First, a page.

Every year, the digital elves at WordPress gently suggest that I consider writing more about ducks and cold weather. According to their algorithmic analysis, many people need this information and seek it from my website again and again. So, rather than appear churlish by not sharing more of my ducky wisdom, herein lies the 2016 edition of my most popular blog topic–waterfowl in winter.

Tip #1: Collect eggs early.  See photo above.

Tip #2. A frost-free spigot is a duck owner’s best friend.

It took several winters before a contractor suggested this to me but better late than hauling buckets! Those of you who live in toastier climates (like I used to), may not know this but in winter, pipes burst, hoses freeze and your birds still need liquids no matter what the thermometer says. In year three of our duck odyssey, I finally discovered you can install an outdoor faucet that will work even when you don’t feel like it. Where have you been all my poultry-related life, frost-free spigot?!

Caveat #1: you still have to remove the hose between uses unless you want it to go Popsicle on ya. Caveat #2: the spigot needs to be on the side of the building so don’t use it under a snow- or ice-covered roof (danger, falling objects!) Luckily, this snowless season, I’ve had non-stop access to running water even in the (finally) brisk New Year.

Tip #3. Create shelter not just for cold but for wind.

You can’t think only about air temps, you gotta factor in that fave topic of meteorologists, wind chill, too. As naturally down-comforted as they are, ducks still dislike drafty conditions and even the plumpest hen needs a dry, windless place to hang out during the day as well as at night.  We use straw bales around the perimeter of our duck pen and find them to be useful in many different ways. In addition to providing shelter, the bales also harbor (good) bugs for handy duck snacks, break down slowly into warming compost and, in the spring, serve as instant planters for our heavy-feeder, cruciferous vegetables.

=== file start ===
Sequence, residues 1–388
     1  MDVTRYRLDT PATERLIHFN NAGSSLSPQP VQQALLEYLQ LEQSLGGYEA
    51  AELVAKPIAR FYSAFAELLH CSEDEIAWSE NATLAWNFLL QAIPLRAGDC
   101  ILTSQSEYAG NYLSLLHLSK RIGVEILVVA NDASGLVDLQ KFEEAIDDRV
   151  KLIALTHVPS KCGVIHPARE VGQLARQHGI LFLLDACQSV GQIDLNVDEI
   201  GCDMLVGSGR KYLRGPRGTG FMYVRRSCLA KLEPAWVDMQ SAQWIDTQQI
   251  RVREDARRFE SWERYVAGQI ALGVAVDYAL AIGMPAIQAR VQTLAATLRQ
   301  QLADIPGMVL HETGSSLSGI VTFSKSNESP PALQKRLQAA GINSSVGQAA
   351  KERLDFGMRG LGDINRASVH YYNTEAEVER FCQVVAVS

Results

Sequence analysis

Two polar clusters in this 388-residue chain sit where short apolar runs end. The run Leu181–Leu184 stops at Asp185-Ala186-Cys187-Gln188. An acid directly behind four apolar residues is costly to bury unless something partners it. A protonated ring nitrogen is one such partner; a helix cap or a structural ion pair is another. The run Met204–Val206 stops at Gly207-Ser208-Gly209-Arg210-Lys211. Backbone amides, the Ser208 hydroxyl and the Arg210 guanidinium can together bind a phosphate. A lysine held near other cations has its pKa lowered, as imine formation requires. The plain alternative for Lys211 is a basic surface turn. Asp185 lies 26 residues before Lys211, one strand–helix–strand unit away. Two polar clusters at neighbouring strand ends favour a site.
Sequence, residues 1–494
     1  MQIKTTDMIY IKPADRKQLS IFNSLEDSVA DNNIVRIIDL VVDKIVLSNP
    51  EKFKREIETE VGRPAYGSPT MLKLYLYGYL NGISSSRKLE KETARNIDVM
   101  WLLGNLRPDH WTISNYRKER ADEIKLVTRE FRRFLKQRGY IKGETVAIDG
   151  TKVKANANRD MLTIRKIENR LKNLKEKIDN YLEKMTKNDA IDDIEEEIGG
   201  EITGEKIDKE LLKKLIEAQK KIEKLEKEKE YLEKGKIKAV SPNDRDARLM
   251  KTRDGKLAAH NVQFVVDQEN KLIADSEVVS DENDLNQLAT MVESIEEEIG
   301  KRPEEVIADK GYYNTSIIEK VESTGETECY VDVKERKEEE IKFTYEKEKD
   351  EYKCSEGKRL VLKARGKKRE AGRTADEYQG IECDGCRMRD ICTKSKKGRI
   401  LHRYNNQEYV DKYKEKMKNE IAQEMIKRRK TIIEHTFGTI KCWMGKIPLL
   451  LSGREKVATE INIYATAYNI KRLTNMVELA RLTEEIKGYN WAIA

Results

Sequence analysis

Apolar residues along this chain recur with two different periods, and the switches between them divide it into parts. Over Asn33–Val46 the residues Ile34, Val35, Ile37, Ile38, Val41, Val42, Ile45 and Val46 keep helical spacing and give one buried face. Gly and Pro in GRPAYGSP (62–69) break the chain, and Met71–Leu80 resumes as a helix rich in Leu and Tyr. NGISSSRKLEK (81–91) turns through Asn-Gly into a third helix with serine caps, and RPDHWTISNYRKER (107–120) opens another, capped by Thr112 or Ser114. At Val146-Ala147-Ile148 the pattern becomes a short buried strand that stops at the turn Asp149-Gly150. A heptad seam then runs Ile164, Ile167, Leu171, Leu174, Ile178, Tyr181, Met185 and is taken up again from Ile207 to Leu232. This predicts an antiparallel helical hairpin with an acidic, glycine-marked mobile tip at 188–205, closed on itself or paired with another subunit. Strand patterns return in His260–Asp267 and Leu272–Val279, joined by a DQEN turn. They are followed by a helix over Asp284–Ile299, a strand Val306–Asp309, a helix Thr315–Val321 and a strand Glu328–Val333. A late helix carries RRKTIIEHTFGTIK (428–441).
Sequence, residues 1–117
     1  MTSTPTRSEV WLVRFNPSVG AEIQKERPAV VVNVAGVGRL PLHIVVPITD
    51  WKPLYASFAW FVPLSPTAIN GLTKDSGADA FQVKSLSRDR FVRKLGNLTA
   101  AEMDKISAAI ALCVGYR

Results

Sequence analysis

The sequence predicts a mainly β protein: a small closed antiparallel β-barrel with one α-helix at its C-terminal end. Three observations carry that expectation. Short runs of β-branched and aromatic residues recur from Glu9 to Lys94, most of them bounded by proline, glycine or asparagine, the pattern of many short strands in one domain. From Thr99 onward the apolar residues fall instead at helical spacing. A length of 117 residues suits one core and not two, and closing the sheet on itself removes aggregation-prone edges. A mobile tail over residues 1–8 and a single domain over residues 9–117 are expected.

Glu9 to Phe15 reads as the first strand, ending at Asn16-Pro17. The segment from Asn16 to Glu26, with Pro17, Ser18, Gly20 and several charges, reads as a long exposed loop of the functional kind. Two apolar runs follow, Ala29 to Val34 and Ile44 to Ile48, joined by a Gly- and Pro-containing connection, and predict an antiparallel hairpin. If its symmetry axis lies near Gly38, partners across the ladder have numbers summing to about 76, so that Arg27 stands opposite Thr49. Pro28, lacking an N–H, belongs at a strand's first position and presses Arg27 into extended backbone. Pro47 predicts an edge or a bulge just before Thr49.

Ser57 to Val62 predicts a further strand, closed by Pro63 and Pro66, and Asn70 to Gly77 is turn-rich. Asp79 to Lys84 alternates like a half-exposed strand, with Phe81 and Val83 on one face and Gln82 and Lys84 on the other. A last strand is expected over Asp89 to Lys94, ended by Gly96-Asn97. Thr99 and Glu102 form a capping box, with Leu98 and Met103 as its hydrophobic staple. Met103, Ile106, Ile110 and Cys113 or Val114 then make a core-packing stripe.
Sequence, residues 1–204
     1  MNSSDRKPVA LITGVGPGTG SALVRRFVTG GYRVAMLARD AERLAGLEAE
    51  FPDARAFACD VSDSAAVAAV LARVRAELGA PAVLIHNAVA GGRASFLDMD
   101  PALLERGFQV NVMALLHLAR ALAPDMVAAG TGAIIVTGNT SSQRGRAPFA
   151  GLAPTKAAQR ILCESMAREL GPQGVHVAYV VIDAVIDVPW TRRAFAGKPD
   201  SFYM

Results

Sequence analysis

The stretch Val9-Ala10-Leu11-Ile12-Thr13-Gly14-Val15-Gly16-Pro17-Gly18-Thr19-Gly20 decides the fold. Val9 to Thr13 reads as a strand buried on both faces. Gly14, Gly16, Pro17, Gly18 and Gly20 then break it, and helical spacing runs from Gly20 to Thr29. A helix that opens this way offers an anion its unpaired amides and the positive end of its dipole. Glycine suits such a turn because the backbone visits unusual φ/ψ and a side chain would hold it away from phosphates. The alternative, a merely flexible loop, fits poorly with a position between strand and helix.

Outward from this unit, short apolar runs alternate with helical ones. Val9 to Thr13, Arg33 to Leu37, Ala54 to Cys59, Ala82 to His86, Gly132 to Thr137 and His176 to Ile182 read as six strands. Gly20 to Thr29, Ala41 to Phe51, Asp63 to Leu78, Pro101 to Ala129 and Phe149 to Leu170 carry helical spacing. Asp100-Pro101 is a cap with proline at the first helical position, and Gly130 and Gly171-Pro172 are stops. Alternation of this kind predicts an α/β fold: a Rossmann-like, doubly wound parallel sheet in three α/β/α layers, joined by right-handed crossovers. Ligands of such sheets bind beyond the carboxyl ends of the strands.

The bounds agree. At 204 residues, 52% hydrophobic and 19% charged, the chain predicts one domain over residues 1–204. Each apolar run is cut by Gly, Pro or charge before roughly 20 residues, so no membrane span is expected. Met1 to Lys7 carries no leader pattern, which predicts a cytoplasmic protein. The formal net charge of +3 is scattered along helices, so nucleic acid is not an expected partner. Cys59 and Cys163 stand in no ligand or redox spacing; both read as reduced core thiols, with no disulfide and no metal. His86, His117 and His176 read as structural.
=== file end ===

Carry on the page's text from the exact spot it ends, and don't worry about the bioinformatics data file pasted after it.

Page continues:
Tip #4. Consider installing a heater in your garage.

Another contractor tip: a hard-wired barn heater. That first spring, we started out with just one brooder lamp but by the time our first real winter rolled around, we knew that little bulb would not be enough. In ordinary cold, say above 20 degrees F or so, the ducks are okay in a wind-shielded pen and, between 10 and 20 degrees, tucked into their coop. But if it dips below 10, or if snow blocks the door, or if a nor’easter shows up, staying outside isn’t a great option. On nights (and even days) like those, we keep the ducks in our garage in a kiddie pool filled with wood shavings and caged with plastic poultry fencing.  Stylin’!

Still, though inside is oodles better than outside, when we get to talking subzero or close to it, even the garage gets arctic and–forget the ducks– we don’t feel like standing on that cement floor, either! For times like those, an electrician-installed, thermostat-equipped wall heater can be downright luxurious. Our model is heavy-duty and placed safely out of the way, much more reliable than a space heater and you don’t have to stay awake all night wondering whether your girls will knock on the door asking for hot water bottles.

Tip #5. The end of winter can be the most dangerous time: Everything is hungry.

Hawks, owls, foxes, coyotes.  ‘Nuff said.

Bonus Tip: Ducks may be cold-hardy but humans are not. 

Think about how you’re going to get to/from your birds with their water/food. Best time to do that–summer, not winter.

Okay, WordPress bot, sure hope you’re happy now. Or, at least until 2017, that is!*




*Or maybe I just made it worse! Maybe even more folks will come seeking cold duck discussion. Aieeee! It’s a vicious cycle!!!

Copyright 2016, Lori Fontanes